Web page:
The House Agriculture and Natural Resources Committee is considering a bill to allow hunters to pursue cougars with the help of dogs.
Why the need? Danny Martorello with the Department of Fish and Wildlife showed a map of Auburn with a blue line around it — it was the path of a GPS-tagged cougar, who visited the Auburn Supermall before returning to the wild.
Watch the hearing live here.
“We’re well aware of the controversial nature of this subject,” Martorello said. In response, they designed the pilot program — in which hunters have been allowed to hunt cougars in select areas — to be one of the most stringent in the state.
The average catch for the pilot program was a little more than 40 cougars killed per year in dog-assisted hunts.
Martorello said in the counties where cougar hunting was allowed in the pilot program, complaints about livestock killings, pet disappearances and cougar sightings dropped. “That’s not to say that the issues are gone,” he said, adding that the state still has a cougar problem.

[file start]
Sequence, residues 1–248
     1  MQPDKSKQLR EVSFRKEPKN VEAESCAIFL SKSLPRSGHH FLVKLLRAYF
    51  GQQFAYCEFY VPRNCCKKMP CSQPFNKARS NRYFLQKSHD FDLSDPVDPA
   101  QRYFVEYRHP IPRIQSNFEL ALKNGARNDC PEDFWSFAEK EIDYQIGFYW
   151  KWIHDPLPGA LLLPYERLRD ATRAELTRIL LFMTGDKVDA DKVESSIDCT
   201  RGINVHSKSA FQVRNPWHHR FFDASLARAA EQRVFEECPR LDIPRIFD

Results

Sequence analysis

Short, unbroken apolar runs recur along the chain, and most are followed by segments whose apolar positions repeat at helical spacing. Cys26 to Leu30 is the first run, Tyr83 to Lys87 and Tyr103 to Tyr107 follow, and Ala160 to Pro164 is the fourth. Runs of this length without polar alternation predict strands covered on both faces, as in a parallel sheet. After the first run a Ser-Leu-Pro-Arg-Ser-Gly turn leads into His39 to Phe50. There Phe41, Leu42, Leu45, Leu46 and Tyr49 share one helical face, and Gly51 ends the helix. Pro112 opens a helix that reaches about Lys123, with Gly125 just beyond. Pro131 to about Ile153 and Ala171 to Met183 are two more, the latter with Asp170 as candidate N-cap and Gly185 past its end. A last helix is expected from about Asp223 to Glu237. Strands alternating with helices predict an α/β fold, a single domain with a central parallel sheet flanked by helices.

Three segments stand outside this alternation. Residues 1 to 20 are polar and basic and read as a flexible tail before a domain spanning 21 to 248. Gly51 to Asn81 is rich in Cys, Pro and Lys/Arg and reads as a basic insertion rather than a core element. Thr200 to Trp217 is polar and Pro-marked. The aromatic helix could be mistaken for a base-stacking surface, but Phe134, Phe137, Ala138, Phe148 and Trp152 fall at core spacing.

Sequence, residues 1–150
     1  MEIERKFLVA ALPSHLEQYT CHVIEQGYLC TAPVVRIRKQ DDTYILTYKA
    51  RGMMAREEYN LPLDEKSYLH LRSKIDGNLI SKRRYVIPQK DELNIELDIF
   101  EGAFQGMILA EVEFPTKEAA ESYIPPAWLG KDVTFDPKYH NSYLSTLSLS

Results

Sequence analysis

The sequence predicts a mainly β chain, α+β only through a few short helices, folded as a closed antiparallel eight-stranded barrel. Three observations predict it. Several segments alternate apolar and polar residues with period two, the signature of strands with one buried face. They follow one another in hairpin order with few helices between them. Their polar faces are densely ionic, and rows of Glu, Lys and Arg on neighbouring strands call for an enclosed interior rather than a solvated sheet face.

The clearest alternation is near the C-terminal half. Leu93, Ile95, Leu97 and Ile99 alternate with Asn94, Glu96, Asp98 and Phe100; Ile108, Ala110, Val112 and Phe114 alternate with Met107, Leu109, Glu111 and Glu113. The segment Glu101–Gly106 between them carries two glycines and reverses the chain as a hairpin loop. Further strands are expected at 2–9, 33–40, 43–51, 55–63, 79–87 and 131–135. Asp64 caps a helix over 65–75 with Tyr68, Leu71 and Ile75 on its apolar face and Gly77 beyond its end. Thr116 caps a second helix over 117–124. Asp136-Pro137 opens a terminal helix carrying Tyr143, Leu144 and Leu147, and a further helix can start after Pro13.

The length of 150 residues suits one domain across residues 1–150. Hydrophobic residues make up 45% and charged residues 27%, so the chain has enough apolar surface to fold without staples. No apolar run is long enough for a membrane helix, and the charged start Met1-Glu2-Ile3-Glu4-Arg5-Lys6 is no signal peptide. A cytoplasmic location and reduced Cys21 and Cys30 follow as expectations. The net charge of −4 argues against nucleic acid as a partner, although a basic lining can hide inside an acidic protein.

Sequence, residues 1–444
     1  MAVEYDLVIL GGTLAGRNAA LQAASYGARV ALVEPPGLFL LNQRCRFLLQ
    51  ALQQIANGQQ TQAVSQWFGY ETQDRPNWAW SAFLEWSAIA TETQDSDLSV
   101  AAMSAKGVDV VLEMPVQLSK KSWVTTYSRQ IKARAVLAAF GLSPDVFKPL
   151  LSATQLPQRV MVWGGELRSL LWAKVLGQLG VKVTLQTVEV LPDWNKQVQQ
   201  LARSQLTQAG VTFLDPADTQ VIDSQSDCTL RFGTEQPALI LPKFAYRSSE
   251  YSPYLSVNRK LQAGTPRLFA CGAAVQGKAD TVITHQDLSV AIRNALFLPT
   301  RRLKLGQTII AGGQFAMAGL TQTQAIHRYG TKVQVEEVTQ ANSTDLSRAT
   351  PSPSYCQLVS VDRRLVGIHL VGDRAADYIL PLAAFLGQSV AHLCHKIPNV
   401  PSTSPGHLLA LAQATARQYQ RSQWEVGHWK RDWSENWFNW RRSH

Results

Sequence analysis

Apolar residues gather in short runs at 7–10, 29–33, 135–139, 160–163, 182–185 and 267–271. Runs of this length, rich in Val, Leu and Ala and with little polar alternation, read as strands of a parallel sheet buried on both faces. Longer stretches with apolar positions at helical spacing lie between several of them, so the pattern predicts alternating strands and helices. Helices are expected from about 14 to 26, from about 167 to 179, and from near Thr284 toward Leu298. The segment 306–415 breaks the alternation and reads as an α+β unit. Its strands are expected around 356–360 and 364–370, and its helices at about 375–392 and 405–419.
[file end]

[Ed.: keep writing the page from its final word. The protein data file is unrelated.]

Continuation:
He said they often hear that juvenile cats are the problem-causers. But they found that not to be the case.”We can see that … it’s a good mix of males and females, a good mix of adults and young adults,” he said, that are killing livestock and living near humans. “Those cats that live near people, it’s the full spectrum,” he said.
But Jennifer Hillman with the Humane Society of the U.S. says that this bill “expressly goes against the will of the voters,” referring to the 1996 initiative banning dog-assisted cougar hunts. She said sport-hunting cougars is not acceptable as a way to control cougar populations. “Any hounding of cougars that appears to be for sport goes directly against (the initiative) … it is not a means of cougar population management as much as it is sport hunting.”
Lee Barker, a concerned citizen, brought his dog to the hearing. He put the small dog on the hearing table and showed some scars from when his dog was attacked by a cougar. He said the attack happened before the pilot program.
And Keith Kreps with the Washington Cattlemen’s Association said he’s had as many as 20 calves disappear in a year. That was before the pilot program. He said once the pilot program began, he and his fellow ranchers killed a cougar. This year, he only lost 12 calves: proof, he said, that it works.